Full Transcript of the KMPH Interview with Lloyd Carter by Ashley Ritchie



The partial quotes in yellow were broadcast on the night of Feb. 4, 2009, the night of a water issues debate at Fresno State University.  Carter was interviewed prior to the debate for 10 minutes and 37 seconds.  The reporter did not stay for the debate.  Those quotes in yellow were only broadcast the first night.  The partial quotes in red, occurring at different times in the interview, were strung together in non-chronological order, creating the impression they were one quote made all at the same time. The surrounding contextual material was omitted.  The video sound bite of the quotes in red, a total of 20 seconds was repeated several nights in a row on the 10 p.m. news on KMPH and repeated numerous times during the KMPH morning news show.



Ashley Ritchie: Start off  by explaining, you know, what is going to be discussed tonight the view points you want to bring to the table


Lloyd Carter:  Well hopefully I am going to bring a statewide viewpoint along with my two fellow panelists. The other side represents local interests within the San Joaquin Valley and, of course, they have every right to look out for their own interests. But water is a statewide issue. There are no Delta farmers here tonight so they don’t get to speak on their interests and there is no -- within the farming community there are a lot of different views, so it’s not just one view that all agriculture shares.  In fact even the east side of the valley and the west side of the valley fight frequently over water issues as you know. So, uh, my other two panelists are experts on the Delta, as we know the fishery is collapsing, there are thousands and thousands of jobs involved in the commercial salmon fishing, recreational fishing. If you travel two hundred miles north from here and got an audience of people, the general view would be why is Southern California and the Central Valley Westside stealing our water?  So it depends where you located in the state as to what your views are.


AR:  You know you talked about commercial fishery and that stuff and obviously there are some jobs there, but there are quite a few you know 40,000 jobs too that could be lost with certain areas of the West Side drying up. How do you -- How do you --.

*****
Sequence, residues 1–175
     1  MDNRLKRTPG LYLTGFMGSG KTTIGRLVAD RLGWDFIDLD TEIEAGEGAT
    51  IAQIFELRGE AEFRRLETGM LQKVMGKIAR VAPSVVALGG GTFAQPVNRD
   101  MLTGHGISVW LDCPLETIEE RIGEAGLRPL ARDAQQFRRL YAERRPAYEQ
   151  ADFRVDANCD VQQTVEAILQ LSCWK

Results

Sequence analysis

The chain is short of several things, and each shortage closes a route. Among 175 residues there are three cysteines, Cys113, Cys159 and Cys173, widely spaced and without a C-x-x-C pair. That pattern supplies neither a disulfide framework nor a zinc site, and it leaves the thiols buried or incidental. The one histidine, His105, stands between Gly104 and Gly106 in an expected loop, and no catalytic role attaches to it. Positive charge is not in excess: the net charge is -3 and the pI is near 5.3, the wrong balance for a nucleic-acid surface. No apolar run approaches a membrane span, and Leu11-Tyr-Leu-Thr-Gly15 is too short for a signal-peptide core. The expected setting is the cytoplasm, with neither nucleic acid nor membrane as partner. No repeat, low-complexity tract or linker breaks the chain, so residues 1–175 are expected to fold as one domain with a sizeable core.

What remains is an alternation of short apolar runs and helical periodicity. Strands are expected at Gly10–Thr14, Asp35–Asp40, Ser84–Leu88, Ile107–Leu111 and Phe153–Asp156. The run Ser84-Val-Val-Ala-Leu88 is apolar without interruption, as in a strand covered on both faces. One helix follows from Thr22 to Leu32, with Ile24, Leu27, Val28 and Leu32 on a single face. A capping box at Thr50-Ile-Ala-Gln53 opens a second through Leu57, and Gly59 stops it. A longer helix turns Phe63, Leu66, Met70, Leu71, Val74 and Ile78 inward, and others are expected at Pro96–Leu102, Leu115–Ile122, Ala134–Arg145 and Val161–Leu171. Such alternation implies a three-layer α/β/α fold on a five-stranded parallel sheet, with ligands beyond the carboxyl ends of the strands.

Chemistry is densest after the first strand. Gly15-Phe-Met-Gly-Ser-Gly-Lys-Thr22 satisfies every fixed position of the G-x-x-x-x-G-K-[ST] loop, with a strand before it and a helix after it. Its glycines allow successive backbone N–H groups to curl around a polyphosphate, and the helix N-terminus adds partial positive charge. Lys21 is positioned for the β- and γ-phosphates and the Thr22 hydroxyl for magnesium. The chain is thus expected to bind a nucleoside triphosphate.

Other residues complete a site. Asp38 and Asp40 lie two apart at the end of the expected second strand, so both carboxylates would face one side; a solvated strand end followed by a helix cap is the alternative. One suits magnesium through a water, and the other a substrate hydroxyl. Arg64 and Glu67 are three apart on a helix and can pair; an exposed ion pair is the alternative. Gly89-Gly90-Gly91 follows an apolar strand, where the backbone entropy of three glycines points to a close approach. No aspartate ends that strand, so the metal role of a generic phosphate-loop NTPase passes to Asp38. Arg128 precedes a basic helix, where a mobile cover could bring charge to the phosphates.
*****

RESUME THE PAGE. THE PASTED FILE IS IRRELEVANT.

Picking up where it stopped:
LC:  Balance that?


AR:  Balance that I guess.


LC:  The water is what has the true value. The water is the new cash crop. Water as we all know is needed desperately by urban interests as well as farming interests and the water on the retail market for urban uses is $600 an acre-foot. Well, farmers are buying that water from the public for less than a $100 an acre-foot. So if we continue on this climate change path that we’re on and we get dryer and dryer in California, agriculture is inevitably going to give up water because state law requires that domestic use is the highest priority. Now some people in agriculture are positioning themselves to resell their farm water to urban interests, but in the to and fro between urban interests and ag interests, urban interests will win out because the water has more value. The example that I usually use is that it takes $750 dollars worth of retail water to grow $150 worth of wholesale cotton. And that’s not rational.


AR:  We are talking live events. We’re talking on both sides of the issue.


LC: Absolutely.

AR: For a portion.


LC:  Sure.


AR:  The Delta Smelt issue, as far as the endangered species, which aren’t indigenous to this area, they are not from the San Joaquin area. What is the argument there as to why they are more important than say communities of people and their livelihood?


LC:  Well to use an appropriate metaphor the Delta Smelt is a red herring.  First of all, they are an indicator species. Most species of fish in the Delta are in trouble, most -- particularly is the Salmon which have great commercial value. Secondly recreational fishing in the state is a multibillion dollar interest. Now do we really want to let the Delta die so a few hundred farmers on the Westside of the San Joaquin Valley can stay in production?  No matter what happens tonight or what we say here, Western San Joaquin Valley agriculture is going to contract, going to shrink in size because they can’t solve their drainage problem economically. They are importing a million and a half tons of salt a year. They are salting up that land. They will be the first to admit it. The proposed federal solution for the drainage problem is $2.7 billion. Now 600 farmers can’t pay for that. So you are going to see hundreds of thousands of acres of land on the Westside of the valley go out of production no matter what we do because you cannot farm salty soil.